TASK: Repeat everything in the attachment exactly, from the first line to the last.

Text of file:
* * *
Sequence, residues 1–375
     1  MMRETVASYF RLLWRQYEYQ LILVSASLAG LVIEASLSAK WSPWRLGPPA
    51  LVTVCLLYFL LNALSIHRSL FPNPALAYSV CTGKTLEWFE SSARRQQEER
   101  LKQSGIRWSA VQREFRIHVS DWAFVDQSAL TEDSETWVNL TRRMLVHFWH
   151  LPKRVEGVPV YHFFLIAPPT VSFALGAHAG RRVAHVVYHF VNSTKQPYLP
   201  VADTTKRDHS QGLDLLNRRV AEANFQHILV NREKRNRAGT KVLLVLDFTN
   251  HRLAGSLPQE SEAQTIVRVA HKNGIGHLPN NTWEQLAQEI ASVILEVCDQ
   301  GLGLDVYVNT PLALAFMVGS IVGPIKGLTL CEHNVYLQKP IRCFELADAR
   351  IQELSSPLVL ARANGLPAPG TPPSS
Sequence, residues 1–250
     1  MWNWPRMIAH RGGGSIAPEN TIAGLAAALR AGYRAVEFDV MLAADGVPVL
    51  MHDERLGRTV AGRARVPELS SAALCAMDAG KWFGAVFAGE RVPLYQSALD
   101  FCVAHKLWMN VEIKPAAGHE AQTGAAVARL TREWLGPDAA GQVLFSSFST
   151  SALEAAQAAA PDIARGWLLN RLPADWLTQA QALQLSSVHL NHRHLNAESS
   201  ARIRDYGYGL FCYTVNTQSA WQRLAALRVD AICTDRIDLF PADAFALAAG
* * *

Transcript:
Sequence, residues 1–375
     1  MMRETVASYF RLLWRQYEYQ LILVSASLAG LVIEASLSAK WSPWRLGPPA
    51  LVTVCLLYFL LNALSIHRSL FPNPALAYSV CTGKTLEWFE SSARRQQEER
   101  LKQSGIRWSA VQREFRIHVS DWAFVDQSAL TEDSETWVNL TRRMLVHFWH
   151  LPKRVEGVPV YHFFLIAPPT VSFALGAHAG RRVAHVVYHF VNSTKQPYLP
   201  VADTTKRDHS QGLDLLNRRV AEANFQHILV NREKRNRAGT KVLLVLDFTN
   251  HRLAGSLPQE SEAQTIVRVA HKNGIGHLPN NTWEQLAQEI ASVILEVCDQ
   301  GLGLDVYVNT PLALAFMVGS IVGPIKGLTL CEHNVYLQKP IRCFELADAR
   351  IQELSSPLVL ARANGLPAPG TPPSS
Sequence, residues 1–250
     1  MWNWPRMIAH RGGGSIAPEN TIAGLAAALR AGYRAVEFDV MLAADGVPVL
    51  MHDERLGRTV AGRARVPELS SAALCAMDAG KWFGAVFAGE RVPLYQSALD
   101  FCVAHKLWMN VEIKPAAGHE AQTGAAVARL TREWLGPDAA GQVLFSSFST
   151  SALEAAQAAA PDIARGWLLN RLPADWLTQA QALQLSSVHL NHRHLNAESS
   201  ARIRDYGYGL FCYTVNTQSA WQRLAALRVD AICTDRIDLF PADAFALAAG